Platelet production, maintenance, and clearance are tightly controlled processes indicative of platelets important roles in hemostasis and thrombosis. Platelets are common targets for primary and secondary prevention of several conditions. They are monitored clinically by complete blood counts, specifically with measurements of platelet count (PLT) and mean platelet volume (MPV). Identifying genetic effects on PLT and MPV can provide mechanistic insights into platelet biology and their role in disease. Therefore, we formed the Blood Cell Consortium (BCX) to perform a large-scale meta-analysis of Exomechip association results for PLT and MPV in 157,293 and 57,617 individuals, respectively. Using the low-frequency/rare coding variant-enriched Exomechip genotyping array, we sought to identify genetic variants associated with PLT and MPV. In addition to confirming 47 known PLT and 20 known MPV associations, we identified 32 PLT and 18 MPV associations not previously observed in the literature across the allele frequency spectrum, including rare large effect (FCER1A), low-frequency (IQGAP2, MAP1A, LY75), and common (ZMIZ2, SMG6, PEAR1, ARFGAP3/PACSIN2) variants. Several variants associated with PLT/MPV (PEAR1, MRVI1, PTGES3) were also associated with platelet reactivity. In concurrent BCX analyses, there was overlap of platelet-associated variants with red (MAP1A, TMPRSS6, ZMIZ2) and white (PEAR1, ZMIZ2, LY75) blood cell traits, suggesting common regulatory pathways with shared genetic architecture among these hematopoietic lineages. Our large-scale Exomechip analyses identified previously undocumented associations with platelet traits and further indicate that several complex quantitative hematological, lipid, and cardiovascular traits share genetic factors.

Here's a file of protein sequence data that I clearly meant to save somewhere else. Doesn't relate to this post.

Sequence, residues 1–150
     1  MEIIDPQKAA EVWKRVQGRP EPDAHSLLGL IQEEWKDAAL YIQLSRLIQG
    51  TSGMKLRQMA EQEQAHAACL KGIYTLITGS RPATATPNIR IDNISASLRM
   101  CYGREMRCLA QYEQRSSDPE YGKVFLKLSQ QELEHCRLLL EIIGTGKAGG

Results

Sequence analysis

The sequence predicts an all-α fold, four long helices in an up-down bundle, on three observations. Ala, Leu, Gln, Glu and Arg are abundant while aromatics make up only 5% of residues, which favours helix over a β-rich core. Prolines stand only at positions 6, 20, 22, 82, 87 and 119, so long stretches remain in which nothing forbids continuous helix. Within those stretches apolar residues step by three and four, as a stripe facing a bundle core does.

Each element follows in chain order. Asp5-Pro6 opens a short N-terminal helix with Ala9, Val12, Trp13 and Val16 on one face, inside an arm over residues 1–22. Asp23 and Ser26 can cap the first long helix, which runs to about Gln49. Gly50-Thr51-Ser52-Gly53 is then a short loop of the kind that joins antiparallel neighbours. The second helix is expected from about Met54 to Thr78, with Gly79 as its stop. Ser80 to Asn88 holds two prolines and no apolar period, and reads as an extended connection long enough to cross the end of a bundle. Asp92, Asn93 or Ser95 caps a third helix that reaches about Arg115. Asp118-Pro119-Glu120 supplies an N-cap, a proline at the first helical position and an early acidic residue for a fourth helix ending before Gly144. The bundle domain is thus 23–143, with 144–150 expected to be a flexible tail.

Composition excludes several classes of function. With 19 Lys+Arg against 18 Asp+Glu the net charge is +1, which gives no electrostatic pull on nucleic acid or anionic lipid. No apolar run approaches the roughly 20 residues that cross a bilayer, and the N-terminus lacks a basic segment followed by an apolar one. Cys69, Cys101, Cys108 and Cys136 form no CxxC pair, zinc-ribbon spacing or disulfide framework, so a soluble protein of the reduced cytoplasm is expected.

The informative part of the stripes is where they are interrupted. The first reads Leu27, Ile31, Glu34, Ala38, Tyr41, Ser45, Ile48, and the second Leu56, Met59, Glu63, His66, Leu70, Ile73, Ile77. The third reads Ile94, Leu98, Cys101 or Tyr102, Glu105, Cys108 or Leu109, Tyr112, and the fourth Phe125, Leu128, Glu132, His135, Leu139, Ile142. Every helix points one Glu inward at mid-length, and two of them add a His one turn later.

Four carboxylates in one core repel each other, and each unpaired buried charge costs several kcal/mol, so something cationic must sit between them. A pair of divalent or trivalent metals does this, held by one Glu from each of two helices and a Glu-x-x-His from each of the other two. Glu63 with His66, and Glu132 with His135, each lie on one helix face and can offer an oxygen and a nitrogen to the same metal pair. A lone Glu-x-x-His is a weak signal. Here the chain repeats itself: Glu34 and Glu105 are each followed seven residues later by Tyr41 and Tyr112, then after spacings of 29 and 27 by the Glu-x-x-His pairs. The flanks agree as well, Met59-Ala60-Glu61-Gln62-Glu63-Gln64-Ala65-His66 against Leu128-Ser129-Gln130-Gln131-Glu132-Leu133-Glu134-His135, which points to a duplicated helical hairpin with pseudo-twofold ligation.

PubMed | Tobago Health Studies Office, Brown University, University of Verona, Childrens Hospital Oakland Research Institute and 35 more.
Type: Journal Article | Journal: American journal of human genetics | Year: 2016

Knowledge of the genetic basis of the type 2 diabetes (T2D)-related quantitative traits fasting glucose (FG) and insulin (FI) in African ancestry (AA) individuals has been limited. In non-diabetic subjects of AA (n = 20,209) and European ancestry (EA; n = 57,292), we performed trans-ethnic (AA+EA) fine-mapping of 54 established EA FG or FI loci with detailed functional annotation, assessed their relevance in AA individuals, and sought previously undescribed loci through trans-ethnic (AA+EA) meta-analysis. We narrowed credible sets of variants driving association signals for 22/54 EA-associated loci; 18/22 credible sets overlapped with active islet-specific enhancers or transcription factor (TF) binding sites, and 21/22 contained at least one TF motif. Of the 54 EA-associated loci, 23 were shared between EA and AA. Replication with an additional 10,096 AA individuals identified two previously undescribed FI loci, chrX FAM133A (rs213676) and chr5 PELO (rs6450057). Trans-ethnic analyses with regulatory annotation illuminate the genetic architecture of glycemic traits and suggest gene regulation as a target to advance precision medicine for T2D. Our approach to utilize state-of-the-art functional annotation and implement trans-ethnic association analysis for discovery and fine-mapping offers a framework for further follow-up and characterization of GWAS signals of complex trait loci.


PubMed | University of Washington, Northwestern University, San Diego State University, University of Illinois at Chicago and 6 more.
Type: | Journal: American journal of medical genetics. Part B, Neuropsychiatric genetics : the official publication of the International Society of Psychiatric Genetics | Year: 2016

Although generalized anxiety disorder (GAD) is heritable and aggregates in families, no genomic loci associated with GAD have been reported. We aimed to discover potential loci by conducting a genome-wide analysis of GAD symptoms in a large, population-based sample of Hispanic/Latino adults. Data came from 12,282 participants (aged 18-74) in the Hispanic Community Health Study/Study of Latinos. Using a shortened Spielberger Trait Anxiety measure, we analyzed the following: (i) a GAD symptoms score restricted to the three items tapping diagnostic features of GAD as defined by DSM-V; and (ii) a total trait anxiety score based on summing responses to all ten items. We first calculated the heritability due to common variants (h